HC Deb 24 July 1918 vol 108 cc1951-70

Ordered, "That so much of the Lords Message [18th July] as relates to a Joint Committee be now considered."—[Lord E. Talbot.]

So much of the Lords Message considered accordingly.

Motion made, and Question proposed, "That a Select Committee of six Members be appointed to join with a Committee appointed by the Lords (as mentioned in their Lordships' Message of the 18th July) to consider the Criminal Law Amendment Bill [Lords] and the Sexual Offences Bill" [Lords].—[Lord E. Talbot]


I do not know whether it is proposed to divide against this Resolution. I had up to this moment presumed it was not, but, if it is, I shall oppose it for several reasons. If it is carried, I sincerely trust the Government will not assume that its acceptance by the House implies that Members generally approve of what it contains, and, above all, what it implies, in the consideration of the question which this Select Committee is set up to consider. First, I trust the Government will understand that there is a considerable volume of opinion in the country against the question being touched at all at this moment, and the reasons for it are sound and unanswerable. No later than 1913 a Royal Commission was appointed by the Government of which I was a member, and it was in the appointment of that Royal Commission that, as President of the Local Government Board, I had a great deal to do with considering the subject, appointing the Commission, constituting the personnel, and taking a hand in the drafting of the Reference and the procedure. But it was never contemplated that when that Royal Commission sat, examined witnesses, and deliberated at considerable length and presented one of the best Reports I have ever known a Royal Commission to present on a delicate and difficult subject like this, that we were to have subsequently a Committee which would necessarily go over almost the same ground and deal with most of the problems to which the Royal Commission gave such detailed consideration. The Government specifically ruled out from the purview of that Royal Commission any reference to the re-enactment of the Contagious Diseases Act, and any idea of resorting to needless repression and to compulsion of a repressive, almost of a brutal, kind, and unless the Resolution is safeguarded by the common sense of the House of Commons, and above all by the careful judgment of the Committee itself, it may happen that we shall see in this country a revival of the agitation against a partial renewal of the Contagious Diseases Act; and what is more, if the Committee felt a desire so to do, it could, within the terms of reference of this Resolution, and within the four corners of the Criminal Law Amendment Bill and the Sexual Offences Bill, revive some of the most objectionable features of the Contagious Diseases Acts of 1880 and 1884, a thing that the Royal Commission would have nothing to do with, and which public opinion would not tolerate for a moment, and which the Governmet has tried to get a partial consideration of last Session, and has been soundly beaten on the Criminal Law Amendment Bill, when a very good Committee declined to have anything to do with this thorny, delicate, and repulsive subject, which is within the four corners of the two Bills to be remitted to this Select Committee.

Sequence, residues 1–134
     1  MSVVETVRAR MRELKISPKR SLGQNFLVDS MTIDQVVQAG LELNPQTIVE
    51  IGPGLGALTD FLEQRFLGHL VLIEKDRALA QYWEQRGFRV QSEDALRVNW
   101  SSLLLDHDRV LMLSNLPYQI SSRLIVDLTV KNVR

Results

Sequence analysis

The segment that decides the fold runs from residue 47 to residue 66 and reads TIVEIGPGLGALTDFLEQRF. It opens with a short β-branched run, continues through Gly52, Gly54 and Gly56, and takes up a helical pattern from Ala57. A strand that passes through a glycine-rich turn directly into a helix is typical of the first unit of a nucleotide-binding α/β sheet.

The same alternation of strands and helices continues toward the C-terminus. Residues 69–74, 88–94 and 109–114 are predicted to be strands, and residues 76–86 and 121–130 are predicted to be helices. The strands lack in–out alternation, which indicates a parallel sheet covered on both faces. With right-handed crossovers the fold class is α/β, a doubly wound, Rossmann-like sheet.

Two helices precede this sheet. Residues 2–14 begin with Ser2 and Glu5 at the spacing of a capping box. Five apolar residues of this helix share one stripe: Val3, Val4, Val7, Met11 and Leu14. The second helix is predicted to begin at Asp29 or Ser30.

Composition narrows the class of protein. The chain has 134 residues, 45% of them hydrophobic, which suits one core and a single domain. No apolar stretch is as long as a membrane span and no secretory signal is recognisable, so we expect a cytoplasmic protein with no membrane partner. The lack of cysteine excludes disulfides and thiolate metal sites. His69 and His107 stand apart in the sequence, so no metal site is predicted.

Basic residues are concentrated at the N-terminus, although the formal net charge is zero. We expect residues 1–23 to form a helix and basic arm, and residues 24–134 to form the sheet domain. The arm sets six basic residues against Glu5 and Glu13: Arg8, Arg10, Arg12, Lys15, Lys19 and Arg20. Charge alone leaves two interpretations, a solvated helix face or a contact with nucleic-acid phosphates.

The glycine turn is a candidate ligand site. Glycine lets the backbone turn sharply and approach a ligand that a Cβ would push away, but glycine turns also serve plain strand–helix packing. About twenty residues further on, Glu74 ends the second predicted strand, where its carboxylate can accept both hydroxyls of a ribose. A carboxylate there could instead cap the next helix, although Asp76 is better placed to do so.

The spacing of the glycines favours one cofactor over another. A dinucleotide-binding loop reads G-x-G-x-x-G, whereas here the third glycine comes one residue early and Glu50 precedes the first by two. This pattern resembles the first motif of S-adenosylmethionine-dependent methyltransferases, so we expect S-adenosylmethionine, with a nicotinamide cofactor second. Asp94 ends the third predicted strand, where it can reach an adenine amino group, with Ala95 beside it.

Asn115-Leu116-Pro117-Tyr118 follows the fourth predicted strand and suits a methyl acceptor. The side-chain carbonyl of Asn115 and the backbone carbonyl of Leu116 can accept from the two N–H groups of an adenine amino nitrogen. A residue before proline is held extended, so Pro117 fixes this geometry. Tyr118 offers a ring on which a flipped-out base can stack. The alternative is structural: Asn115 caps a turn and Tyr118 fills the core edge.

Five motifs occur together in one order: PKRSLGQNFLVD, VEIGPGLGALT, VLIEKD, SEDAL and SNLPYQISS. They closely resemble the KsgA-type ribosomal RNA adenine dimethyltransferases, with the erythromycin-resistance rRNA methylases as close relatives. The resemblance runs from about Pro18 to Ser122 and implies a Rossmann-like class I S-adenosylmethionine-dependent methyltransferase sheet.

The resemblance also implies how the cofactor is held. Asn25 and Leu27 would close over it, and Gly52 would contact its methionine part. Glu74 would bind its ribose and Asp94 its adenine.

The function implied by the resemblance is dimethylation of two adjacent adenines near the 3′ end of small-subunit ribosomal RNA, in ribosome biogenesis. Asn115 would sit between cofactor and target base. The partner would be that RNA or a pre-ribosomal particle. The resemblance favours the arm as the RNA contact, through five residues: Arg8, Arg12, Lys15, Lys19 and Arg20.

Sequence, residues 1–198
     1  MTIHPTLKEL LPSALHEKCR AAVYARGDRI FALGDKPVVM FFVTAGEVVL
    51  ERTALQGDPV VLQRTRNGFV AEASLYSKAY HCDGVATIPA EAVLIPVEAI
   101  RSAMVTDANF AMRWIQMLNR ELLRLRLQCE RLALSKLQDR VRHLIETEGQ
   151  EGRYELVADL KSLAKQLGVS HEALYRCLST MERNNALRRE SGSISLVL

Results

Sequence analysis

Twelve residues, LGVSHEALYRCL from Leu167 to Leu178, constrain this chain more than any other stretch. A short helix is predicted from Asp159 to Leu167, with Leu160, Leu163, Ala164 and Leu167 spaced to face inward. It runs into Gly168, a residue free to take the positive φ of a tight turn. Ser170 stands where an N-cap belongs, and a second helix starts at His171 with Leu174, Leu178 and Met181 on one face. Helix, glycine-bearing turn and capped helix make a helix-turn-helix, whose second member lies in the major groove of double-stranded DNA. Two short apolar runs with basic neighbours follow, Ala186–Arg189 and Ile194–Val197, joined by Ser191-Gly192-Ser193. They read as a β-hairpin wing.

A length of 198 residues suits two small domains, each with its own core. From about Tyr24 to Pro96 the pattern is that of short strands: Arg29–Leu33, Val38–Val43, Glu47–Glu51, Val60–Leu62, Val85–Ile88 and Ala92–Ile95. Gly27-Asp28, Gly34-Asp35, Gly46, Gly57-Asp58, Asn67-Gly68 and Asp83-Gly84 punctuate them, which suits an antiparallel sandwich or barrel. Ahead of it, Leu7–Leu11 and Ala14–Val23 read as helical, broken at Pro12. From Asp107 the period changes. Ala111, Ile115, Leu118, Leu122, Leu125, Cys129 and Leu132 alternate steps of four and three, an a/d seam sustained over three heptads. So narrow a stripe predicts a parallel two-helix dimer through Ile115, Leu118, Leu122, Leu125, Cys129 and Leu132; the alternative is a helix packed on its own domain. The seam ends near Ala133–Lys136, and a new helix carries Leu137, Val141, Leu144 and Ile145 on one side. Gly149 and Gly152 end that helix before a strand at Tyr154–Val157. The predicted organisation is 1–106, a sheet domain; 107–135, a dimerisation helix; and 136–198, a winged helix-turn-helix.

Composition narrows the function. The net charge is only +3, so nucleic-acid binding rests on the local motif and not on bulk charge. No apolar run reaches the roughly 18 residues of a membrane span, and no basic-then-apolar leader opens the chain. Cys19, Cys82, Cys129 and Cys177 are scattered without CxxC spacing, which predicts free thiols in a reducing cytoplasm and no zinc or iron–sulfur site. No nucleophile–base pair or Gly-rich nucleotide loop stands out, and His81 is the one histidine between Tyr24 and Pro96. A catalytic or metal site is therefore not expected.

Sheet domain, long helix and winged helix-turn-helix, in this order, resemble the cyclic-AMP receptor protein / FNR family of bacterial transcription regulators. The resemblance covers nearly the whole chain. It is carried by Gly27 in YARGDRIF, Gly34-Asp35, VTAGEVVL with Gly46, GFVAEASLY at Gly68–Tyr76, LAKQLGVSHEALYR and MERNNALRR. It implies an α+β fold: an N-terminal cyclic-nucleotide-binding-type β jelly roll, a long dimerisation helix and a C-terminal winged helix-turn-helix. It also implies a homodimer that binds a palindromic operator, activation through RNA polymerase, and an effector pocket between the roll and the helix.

First of all, the Royal Commission would not touch it, and the Home Secretary—one of the ablest of Home Secretaries I have ever known—in a most insinuating, persuasive, and positive way, did his best to get the Second Reading of the Bill through the House; and upstairs in Committee, after I believe fifteen or sixteen sittings, such opposition was evinced that the Bill, in my judgment, was killed. It was not dropped—that would technically, perhaps, be too severe. But it was not proceeded with, and we have heard nothing more of it for about nine months. But what has happened in the meantime is that what the Home Secretary could not do by the Criminal Law Amendment Bill which he introduced and did not proceed with, what the Royal Commission would have nothing to do with, the Government under Regulation 40 D under the Defence of the Realm Act have done. They have done one or two things which under those Bills were to be remitted to the Select Committee, and which, if the Select Committee were to approve, would, under the operation of Regulation 40 D under the Defence of the Realm Act, have created some precedent, so that they could use that Regulation as some justification for trying to put Regulation 40 D into the form of a Bill which would emanate from the consideration of these two Bills. They would bring that proposal in an amended consolidated Bill to the House, and we should then see an agitation against it. It does seem to me that the Royal Commission, having had nothing to do with this aspect of the problem, the Criminal Law Amendment Bill, which touched the subject matter of this Bill in several forms, having been killed by the House, and the subject having been so properly dealt with both by public opinion and the House of Commons itself, it is gratuitous and totally unnecessary that we should have this Resolution, the Select Committee or these two Bills at all. Under Regulation 40 which is within the four corners of these Bills there have been several cases—I think I am justified in saying many cases—of the grossest injustice to innocent, healthy, uninfected women who, under Regulation 40 D have been brought before the magistrates. They have been accused of solicitation, of prostitution, of suffering from disease which upon examination and upon the evidence of witnessess and their own confessions have been proved to be groundless. Gross injustice has been done to the women of the country in a way which I am positive the women will not tolerate if within the four corners of these Bills any attempt is made to stereotype Regulation 40 D, under which these abominable things have been done, and to incorporate them in an amended consolidated Bill with a view to putting them upon the women. There is an additional reason why this Bill and Resolution are unnecessary. Since the Royal Commission, since the Criminal Law Amendment Bill was killed, since Regulation 40 D was imposed upon a long-suffering community of women and these acts of injustice have come to light, the Local Government Board have taken a brave, wise, and sensible step, entailing much expenditure and money, by means of which all that this Bill seeks to remove will be disposed of altogether.